Martin: I am wondering why did Cloudera not develop something like this themselves?

Girish: If you look at historically where these technologies fit in, there was always a need for the independent vendor to deal with what I described as “any to any problem”. Any data store vendor that focuses on this typically ends up not worrying about the kind of a breath of sources, the breath of destinations, and from a customer’s perspective, they really want a single piece of technology that can solve any to any problem. When we look at Cloudera, Cloudera is very comfortable partnering with us because they understand that by keeping us kind of at arm’s length that we will be the best of breed in solving this problem rather than focusing on a technology that is just going to deliver data into Cloudera.

Martin: Cool, so how I understand this is that you have been companies to transport data off to other providers like MapR and so and so forth?

Girish: Exactly and in the end of it more than not just Hadoop. One of our other key value propositions is to deliver data to technologies like Elasticsearch and that is what customers want. They want a single way to manage their data movement between Hadoop, search and other types of technologies.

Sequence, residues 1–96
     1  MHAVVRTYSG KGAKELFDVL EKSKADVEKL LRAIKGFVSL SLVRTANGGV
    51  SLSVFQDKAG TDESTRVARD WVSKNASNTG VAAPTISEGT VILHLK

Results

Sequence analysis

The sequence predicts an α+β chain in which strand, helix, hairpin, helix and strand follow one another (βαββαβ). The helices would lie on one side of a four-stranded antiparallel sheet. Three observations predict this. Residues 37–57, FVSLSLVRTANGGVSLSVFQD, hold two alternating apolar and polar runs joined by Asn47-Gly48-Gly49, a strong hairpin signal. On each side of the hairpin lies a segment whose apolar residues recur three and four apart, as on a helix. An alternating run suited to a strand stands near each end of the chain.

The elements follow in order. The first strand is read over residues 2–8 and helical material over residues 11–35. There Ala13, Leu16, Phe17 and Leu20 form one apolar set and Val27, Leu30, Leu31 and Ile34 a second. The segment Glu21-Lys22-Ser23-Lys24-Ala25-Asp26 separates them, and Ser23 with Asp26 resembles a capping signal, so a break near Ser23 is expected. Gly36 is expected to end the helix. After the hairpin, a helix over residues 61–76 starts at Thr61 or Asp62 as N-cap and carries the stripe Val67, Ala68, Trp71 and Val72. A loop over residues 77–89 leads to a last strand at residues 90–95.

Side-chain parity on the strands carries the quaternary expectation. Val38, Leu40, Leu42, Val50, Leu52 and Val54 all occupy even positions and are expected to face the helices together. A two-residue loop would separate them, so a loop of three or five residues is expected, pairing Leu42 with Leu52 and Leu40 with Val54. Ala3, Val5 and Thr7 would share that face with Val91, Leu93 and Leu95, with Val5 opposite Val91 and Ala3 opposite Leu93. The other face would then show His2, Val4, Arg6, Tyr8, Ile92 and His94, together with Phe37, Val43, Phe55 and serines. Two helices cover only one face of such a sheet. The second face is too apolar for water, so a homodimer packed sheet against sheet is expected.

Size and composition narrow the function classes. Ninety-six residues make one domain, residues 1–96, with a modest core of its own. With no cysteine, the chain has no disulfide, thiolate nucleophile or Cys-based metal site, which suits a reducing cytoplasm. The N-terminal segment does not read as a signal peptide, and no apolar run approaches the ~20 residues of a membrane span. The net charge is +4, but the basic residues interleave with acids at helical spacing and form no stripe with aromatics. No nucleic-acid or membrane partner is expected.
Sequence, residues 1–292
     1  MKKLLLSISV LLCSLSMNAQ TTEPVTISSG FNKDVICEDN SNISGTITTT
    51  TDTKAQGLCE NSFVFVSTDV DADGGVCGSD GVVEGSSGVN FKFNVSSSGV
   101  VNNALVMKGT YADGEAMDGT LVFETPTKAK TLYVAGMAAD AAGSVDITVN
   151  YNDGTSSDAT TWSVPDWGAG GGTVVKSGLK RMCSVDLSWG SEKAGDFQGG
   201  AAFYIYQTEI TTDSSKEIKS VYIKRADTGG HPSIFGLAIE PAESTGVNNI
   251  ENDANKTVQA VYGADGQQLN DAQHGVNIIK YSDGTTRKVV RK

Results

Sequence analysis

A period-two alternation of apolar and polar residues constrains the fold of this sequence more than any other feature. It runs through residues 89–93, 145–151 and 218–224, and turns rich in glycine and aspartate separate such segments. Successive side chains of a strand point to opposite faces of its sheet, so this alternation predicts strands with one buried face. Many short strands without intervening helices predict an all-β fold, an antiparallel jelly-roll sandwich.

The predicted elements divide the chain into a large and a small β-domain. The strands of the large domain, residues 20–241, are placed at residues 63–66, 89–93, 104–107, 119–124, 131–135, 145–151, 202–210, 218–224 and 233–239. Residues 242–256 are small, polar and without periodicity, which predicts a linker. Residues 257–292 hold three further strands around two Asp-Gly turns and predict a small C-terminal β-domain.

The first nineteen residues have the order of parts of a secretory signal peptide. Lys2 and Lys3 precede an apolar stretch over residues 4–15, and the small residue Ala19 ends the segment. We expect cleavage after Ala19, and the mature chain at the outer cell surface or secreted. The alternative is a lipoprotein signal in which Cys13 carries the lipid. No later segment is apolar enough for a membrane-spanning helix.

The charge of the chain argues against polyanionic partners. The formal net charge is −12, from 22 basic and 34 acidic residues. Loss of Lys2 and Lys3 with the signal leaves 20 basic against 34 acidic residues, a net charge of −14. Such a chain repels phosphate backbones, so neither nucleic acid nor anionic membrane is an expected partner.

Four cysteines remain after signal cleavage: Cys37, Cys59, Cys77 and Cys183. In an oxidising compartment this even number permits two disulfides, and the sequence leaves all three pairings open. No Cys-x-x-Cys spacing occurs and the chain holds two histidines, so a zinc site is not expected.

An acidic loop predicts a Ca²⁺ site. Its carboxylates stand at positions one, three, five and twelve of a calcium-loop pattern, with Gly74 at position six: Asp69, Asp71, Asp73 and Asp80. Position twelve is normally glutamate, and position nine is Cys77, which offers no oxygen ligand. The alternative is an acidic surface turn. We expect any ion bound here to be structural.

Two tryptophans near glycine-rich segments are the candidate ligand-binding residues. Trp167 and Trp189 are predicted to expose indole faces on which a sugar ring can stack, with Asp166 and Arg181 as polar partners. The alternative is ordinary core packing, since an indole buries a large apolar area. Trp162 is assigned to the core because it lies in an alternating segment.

Martin: If I am looking at this big data ecosystem there are some storage layers, there are some analytic layers, and then there is something like what you are doing is an ingestion layer for example. Do you have in mind adding some analytics on this ingestion pipeline, because when I looked at your website it seemed to be something like this, which would be nice because you are earlier in this kind of pipeline than the analytics player?

Girish: Good question. We very much are focusing on providing kind of analytics, but around data in motion. There are two ways to think about analytics. One is the analytics the business cares about that is typically done on data address or data in the store. There is another set of analytics that you can think about while data is moving. This analytics typically have to do with data availability. Did the data actually get there or how quickly did it get there, etc.? Then, what we call data fidelity. Did something get lost in the process of getting from A to B. That is the area of focus for us when it comes to analytics.

Martin: What have been the biggest surprises for you when scaling the company?